My ABC’s

About three days ago a fellow

Blogger nominated me for the Awesome Blog

Content award.  Her name is Maggie and she loves

Dogs and

Even wrote a book called

Fly Away Home.

Goodness Gracious, I said.

How can this be?

I wondered.

Just then I thought about

Kindred spirits and how easy it is to

Lose sight of



Opportunities when


Question how things happen.  Does there need to be a

Reason for


Things or can we enjoy our


Views of the world with


Xanadu can not be far off when we appreciate the

Years we spend together in this


I nominate MoonBeam McQueen for this award because she is cool.

Happy Monday!!


Last week was my parents’ 69th wedding anniversary.  My brother was there to help them celebrate and my sister in law suggested we start planning for the 70th.  I suggested a round the world trip.  Both my parents are 92.  My father tells me that he had been to 90 countries by the time he was 90 and still has a few on his list.  I know the wine country in South Africa is one place he wants to go.  That would be fun!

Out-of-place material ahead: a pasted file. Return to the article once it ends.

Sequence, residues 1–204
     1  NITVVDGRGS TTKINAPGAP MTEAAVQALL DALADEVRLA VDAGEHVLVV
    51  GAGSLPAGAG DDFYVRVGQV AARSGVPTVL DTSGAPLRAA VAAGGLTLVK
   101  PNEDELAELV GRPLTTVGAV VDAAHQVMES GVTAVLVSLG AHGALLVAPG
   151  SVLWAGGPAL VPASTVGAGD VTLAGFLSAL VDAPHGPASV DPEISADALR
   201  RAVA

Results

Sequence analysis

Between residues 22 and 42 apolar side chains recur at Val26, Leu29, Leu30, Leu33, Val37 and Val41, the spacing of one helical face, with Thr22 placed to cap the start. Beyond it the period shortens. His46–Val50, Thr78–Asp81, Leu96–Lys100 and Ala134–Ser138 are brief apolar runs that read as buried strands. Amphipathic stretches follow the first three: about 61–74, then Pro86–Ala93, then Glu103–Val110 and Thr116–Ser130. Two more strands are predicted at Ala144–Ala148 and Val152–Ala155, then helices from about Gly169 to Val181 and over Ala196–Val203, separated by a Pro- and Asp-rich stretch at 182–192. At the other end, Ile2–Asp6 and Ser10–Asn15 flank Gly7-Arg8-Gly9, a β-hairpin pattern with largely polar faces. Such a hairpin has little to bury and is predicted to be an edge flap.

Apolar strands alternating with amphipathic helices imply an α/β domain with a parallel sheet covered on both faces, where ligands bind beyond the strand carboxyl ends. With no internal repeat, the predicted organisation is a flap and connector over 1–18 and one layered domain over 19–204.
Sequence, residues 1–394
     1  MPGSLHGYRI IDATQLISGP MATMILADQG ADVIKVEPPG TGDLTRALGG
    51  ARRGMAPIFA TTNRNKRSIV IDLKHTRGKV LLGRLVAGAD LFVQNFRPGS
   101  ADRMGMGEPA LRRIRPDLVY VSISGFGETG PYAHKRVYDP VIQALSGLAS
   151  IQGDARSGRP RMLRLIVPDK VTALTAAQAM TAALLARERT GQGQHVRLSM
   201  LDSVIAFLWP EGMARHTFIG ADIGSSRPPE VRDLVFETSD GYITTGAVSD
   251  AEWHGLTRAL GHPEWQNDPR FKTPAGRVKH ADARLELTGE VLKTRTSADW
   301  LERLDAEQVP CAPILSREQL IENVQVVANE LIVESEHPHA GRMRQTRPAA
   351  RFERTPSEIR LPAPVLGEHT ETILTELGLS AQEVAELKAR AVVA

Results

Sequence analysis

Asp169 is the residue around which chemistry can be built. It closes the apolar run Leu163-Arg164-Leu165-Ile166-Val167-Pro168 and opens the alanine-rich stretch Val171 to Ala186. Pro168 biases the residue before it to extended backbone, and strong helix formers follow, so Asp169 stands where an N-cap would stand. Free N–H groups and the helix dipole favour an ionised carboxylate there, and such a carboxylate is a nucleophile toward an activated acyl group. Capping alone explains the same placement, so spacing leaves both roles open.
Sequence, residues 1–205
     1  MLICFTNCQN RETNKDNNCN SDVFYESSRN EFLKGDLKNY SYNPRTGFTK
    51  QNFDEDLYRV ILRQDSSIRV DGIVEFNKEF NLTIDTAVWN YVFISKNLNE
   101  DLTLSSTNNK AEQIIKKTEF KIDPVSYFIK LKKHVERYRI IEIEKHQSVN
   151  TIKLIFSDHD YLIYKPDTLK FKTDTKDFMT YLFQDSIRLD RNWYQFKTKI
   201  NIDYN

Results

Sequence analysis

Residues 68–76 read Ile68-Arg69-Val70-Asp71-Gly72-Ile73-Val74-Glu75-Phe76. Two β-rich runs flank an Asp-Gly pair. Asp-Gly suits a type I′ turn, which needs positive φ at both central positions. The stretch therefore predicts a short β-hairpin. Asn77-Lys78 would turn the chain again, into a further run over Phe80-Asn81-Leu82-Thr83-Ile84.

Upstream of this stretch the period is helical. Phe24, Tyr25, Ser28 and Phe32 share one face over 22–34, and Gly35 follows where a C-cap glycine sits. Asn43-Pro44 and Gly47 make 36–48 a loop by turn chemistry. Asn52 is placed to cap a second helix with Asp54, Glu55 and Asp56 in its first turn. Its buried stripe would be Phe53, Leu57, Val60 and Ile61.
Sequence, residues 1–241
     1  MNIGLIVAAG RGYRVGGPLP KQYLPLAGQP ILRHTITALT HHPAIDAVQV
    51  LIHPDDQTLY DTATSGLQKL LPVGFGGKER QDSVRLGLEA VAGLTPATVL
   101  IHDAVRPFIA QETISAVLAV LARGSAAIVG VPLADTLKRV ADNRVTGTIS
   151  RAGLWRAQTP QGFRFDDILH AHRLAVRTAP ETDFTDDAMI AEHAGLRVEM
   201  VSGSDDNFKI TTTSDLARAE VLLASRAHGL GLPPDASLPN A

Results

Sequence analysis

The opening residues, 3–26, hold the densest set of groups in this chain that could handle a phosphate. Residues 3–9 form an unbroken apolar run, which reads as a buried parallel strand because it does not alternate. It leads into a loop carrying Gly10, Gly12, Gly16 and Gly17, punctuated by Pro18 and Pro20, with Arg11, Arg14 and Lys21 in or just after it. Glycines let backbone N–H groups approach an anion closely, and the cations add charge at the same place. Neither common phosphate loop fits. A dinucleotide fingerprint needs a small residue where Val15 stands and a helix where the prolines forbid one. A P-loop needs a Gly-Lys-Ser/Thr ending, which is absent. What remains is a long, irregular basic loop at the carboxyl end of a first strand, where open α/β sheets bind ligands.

My parents met when they shared a ride back to college after Christmas break.  My mother was not feeling well and my father thought she was probably hung over.  If you knew my mother you would understand how absurd that sounds.  He soon learned this was not the case.  My mother didn’t drink.  My father was dating a woman named Lois at the time and my mother knew it.  She was not so very impressed with him.

However, my father pursued her and they became friends and enjoyed spending time together and did spend time together.  After he joined the Navy and saw his friends start to get married, he thought it might be a good idea to marry.  In 1943 he got appendicitis and had a few days of R&R.  For some reason he thought that would be a good time to ask Virginia to marry him.  He sent her a telegram asking her how quickly she could get a syphilis test.  In those days you had to have one in order to get married.  Luckily he followed up with a phone call and said he thought it might be a good idea if they got married.  Amazingly she agreed.  What a wacky woman!  She had no idea what was in store for her.